The Federal Trade Commission has charged a credit repair company and its owner with violating federal law by falsely promising to remove derogatory information from consumers' credit reports – even if the information is accurate and not obsolete.
At the FTC's request, a federal court issued a temporary order stopping the defendants' practices until the conclusion of the case. The agency seeks a final court order to stop the violations and make the defendants forfeit their gains and pay restitution to consumers.
The FTC's complaint alleges that Payneless Credit Repair LLC and its owner, Lesley L. Payne, both located in Richardson, Texas, make the following claims on the company's Web site, www.paynecreditrepair.com:
"Fast, Legal, Effective, CREDIT REPORT REPAIR . . ."
"We will fight to remove negative items from your credit reports, so you can improve your credit score. No matter what type of negative and damaging information is on your credit report, whether bankruptcy, charge-offs, late payments, or anything in between we will challenge it according to the law. We have developed the most effective and appropriate legal strategies to remove negative items from your credit report."
The defendants also advertise in classified ads in The Dallas Morning News and in local online Yellow Pages listings. The FTC's complaint states that in discussions with consumers, Payne promises results that far exceed the written claims, offers a "100% money-back guarantee," and misrepresents that her company is licensed and bonded. The defendants ask consumers to sign a contract and pay an advance fee, typically ranging from $500 to $1,000, but sometimes as much as $2,500. Payne often meets with consumers in temporary office suites, at the consumers' workplace, in restaurants and even in parking lots.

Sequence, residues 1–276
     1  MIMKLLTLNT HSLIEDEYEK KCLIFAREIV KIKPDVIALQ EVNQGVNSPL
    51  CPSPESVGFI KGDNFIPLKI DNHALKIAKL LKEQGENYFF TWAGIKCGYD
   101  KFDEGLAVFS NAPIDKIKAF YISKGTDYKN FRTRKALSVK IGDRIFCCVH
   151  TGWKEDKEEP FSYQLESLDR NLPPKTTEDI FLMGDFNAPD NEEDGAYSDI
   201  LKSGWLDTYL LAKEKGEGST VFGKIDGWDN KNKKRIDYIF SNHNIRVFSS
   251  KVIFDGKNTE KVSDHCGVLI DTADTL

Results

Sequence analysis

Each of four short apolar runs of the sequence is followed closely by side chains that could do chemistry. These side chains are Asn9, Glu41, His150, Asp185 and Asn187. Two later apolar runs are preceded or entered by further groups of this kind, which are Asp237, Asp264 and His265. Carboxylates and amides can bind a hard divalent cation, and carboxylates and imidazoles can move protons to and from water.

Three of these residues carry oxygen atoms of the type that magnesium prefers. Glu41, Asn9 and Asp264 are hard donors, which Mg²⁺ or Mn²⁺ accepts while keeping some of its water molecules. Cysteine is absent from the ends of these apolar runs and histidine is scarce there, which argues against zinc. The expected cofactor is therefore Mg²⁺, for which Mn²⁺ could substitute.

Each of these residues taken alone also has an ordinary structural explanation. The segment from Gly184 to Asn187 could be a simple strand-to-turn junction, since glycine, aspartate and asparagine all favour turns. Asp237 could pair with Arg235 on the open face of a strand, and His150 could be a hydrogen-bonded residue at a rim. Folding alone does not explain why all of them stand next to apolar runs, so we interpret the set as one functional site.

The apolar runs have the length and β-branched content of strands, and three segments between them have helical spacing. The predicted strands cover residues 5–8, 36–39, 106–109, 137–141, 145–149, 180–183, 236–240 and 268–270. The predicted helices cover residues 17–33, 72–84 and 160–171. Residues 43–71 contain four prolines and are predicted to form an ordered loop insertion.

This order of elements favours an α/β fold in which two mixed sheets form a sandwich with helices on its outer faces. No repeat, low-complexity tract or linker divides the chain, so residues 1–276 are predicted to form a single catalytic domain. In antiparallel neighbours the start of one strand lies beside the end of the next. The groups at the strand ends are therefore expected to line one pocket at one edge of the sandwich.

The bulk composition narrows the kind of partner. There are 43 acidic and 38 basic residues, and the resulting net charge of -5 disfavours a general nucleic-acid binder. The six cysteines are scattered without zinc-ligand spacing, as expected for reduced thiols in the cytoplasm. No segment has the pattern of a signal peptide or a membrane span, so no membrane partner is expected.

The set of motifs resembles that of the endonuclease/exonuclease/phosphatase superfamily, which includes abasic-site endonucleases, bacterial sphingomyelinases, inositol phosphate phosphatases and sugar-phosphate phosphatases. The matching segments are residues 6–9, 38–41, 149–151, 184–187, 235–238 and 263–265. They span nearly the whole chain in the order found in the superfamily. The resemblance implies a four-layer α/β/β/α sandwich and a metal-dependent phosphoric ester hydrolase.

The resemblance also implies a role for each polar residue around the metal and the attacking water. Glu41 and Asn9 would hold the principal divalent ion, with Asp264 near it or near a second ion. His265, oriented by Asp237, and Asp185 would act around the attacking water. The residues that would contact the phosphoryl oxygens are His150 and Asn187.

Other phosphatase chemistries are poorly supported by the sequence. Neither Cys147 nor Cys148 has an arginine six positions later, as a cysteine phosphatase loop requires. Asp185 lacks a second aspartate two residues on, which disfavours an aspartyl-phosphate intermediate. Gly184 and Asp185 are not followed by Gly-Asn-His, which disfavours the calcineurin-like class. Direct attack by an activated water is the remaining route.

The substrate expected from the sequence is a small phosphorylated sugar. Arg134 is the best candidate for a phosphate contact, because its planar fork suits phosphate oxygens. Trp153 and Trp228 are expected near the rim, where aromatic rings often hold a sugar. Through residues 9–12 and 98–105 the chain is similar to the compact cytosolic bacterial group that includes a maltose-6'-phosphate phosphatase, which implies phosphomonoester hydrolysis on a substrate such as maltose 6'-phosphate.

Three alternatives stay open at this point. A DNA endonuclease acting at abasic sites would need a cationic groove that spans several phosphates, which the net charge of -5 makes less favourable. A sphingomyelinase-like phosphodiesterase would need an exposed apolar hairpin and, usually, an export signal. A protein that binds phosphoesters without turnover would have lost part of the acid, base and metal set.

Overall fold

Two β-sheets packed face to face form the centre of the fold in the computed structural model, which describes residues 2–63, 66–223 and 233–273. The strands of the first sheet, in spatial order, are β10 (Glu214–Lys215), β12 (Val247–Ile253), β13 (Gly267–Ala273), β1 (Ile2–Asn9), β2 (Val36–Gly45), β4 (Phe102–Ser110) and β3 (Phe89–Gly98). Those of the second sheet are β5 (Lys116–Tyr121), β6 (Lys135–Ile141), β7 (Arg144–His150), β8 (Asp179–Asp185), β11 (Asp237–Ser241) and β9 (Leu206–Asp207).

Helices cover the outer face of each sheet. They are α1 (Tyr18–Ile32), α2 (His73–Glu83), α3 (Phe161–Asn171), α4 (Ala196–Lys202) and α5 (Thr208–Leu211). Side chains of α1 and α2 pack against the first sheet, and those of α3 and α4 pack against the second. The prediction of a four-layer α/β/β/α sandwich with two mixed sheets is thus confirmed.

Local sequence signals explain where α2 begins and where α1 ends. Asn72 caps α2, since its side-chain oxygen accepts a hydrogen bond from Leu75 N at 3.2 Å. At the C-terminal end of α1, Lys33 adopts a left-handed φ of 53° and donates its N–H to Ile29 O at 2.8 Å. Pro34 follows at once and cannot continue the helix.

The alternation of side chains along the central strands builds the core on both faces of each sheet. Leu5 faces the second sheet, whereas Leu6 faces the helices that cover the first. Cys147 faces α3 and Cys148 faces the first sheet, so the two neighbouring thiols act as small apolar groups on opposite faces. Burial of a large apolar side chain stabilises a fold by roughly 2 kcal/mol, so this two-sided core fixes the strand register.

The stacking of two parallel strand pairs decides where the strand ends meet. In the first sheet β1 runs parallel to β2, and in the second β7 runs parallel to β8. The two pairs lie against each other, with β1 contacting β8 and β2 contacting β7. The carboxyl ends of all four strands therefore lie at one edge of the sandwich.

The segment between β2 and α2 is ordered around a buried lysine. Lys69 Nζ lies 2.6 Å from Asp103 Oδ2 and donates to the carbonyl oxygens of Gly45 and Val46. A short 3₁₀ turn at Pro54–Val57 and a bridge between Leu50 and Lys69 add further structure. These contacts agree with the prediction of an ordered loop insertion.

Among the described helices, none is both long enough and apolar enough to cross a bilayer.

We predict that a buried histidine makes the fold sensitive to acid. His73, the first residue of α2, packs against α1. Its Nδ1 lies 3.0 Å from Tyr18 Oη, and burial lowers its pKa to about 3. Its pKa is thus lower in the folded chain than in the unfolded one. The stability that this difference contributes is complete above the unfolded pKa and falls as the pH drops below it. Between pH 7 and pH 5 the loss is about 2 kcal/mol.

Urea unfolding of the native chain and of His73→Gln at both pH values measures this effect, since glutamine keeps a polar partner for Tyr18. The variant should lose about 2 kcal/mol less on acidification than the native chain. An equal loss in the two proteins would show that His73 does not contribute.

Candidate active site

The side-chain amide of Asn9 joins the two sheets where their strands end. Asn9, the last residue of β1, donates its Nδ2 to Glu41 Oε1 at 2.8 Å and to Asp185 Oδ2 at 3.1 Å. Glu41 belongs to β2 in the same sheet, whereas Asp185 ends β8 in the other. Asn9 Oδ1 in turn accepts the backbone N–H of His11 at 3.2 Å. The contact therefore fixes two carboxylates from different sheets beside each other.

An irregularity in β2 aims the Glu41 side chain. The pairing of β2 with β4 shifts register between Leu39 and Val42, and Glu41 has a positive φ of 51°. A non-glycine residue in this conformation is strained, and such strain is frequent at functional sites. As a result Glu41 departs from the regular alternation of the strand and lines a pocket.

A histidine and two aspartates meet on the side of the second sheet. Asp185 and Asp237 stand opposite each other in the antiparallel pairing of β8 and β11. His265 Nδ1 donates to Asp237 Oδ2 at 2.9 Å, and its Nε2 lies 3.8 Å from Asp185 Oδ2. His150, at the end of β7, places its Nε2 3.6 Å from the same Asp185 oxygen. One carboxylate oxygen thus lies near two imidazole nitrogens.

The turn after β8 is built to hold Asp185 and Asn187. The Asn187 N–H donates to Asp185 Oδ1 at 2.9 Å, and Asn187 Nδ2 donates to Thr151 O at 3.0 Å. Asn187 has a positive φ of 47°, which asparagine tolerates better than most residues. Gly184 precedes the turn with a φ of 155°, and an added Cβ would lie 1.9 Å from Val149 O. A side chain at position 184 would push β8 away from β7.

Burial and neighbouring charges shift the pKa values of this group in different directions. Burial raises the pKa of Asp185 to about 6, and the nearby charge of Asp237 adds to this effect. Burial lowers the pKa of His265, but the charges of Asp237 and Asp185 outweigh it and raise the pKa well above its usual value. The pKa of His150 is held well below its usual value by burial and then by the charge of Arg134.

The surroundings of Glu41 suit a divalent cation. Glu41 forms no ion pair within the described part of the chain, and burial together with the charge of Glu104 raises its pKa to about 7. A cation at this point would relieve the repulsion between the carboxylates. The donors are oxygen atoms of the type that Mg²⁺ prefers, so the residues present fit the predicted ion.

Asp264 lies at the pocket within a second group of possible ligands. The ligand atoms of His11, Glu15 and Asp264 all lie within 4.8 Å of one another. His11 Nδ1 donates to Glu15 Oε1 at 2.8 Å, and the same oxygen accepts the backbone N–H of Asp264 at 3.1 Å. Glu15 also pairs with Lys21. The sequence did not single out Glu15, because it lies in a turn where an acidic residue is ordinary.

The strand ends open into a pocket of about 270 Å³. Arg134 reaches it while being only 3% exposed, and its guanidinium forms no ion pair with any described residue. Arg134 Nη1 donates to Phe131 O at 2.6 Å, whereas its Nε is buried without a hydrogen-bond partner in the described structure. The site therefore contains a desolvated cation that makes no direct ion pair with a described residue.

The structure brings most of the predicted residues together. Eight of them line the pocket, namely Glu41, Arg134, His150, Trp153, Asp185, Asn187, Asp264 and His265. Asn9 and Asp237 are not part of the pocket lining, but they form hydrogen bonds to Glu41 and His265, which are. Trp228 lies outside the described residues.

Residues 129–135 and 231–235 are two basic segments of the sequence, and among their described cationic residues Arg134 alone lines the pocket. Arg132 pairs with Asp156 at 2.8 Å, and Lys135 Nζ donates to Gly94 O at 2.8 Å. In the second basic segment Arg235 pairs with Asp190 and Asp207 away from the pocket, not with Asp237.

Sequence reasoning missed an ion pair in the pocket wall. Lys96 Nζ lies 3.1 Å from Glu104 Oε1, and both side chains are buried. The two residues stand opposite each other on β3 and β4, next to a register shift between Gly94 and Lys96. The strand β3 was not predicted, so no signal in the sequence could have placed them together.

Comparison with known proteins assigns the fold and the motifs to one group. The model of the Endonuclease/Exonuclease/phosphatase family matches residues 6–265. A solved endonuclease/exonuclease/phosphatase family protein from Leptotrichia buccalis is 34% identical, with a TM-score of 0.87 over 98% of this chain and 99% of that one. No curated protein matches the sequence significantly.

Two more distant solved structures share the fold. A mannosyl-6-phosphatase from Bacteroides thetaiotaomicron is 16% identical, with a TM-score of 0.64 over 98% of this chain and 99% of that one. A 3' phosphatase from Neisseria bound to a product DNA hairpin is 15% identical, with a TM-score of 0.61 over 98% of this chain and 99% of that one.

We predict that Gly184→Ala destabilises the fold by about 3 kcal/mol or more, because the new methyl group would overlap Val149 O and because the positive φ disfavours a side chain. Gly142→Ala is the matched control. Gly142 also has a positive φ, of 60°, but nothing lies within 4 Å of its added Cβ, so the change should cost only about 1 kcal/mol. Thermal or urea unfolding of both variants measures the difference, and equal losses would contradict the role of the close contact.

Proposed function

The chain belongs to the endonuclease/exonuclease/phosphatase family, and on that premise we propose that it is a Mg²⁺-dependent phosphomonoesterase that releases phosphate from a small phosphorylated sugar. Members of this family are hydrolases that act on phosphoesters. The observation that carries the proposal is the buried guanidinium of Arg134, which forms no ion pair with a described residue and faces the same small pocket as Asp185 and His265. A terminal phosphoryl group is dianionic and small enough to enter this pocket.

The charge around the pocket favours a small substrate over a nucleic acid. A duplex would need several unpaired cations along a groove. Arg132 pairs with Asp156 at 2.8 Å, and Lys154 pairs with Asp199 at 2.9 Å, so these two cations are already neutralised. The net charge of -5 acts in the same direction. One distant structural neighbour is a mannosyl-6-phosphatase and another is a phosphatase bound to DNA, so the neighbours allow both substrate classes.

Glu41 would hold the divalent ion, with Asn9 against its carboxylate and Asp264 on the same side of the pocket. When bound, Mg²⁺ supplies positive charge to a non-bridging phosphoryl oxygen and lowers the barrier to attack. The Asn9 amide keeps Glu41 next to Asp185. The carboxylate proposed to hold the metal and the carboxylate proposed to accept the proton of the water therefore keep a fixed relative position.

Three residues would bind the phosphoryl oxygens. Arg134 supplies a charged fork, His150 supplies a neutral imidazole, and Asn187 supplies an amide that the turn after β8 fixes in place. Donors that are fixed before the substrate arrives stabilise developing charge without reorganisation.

As stated in the complaint, the defendants do little, if anything, to fulfill their promises. Consumers find it difficult to reach the defendants to complain. Consumers' e-mails and voice-mails often go unanswered and they find that the defendants' temporary offices have been vacated with no forwarding address. Consumers who reach the defendants are given a variety of excuses for why their promised results have not been achieved, and those who persist are told to stop and are often threatened with lawsuits. The defendants almost always deny consumers' refund requests.
The company did not return calls by Collections & Credit Risk seeking comment.
The FTC charged the defendants with violating the Credit Repair Organizations Act and the FTC Act by falsely representing that they can improve consumers' credit reports by permanently removing negative information, even when the information is accurate and not obsolete.
The agency also charged them with violating CROA by requiring advance payment for credit repair services; not including in contracts conspicuous statements about the consumer's right to cancel without penalty or obligation before the third business day after a contract is signed; and not providing, before contracts are signed, the written "Notice of Cancellation" and statement of consumer credit file rights under state and federal law. In addition, the defendants have been charged with violating the FTC Act by falsely stating that the company is licensed and bonded with the state of Texas. In fact, the defendants have not registered as a "credit services organization" with the Texas Secretary of State, as Texas law requires.
According to FTC officials, "only time, a conscious effort and a personal debt repayment plan can improve your credit report." The first step is to learn what information is in your credit report. If you find errors or mistakes, federal law gives you the right to have them corrected – for free.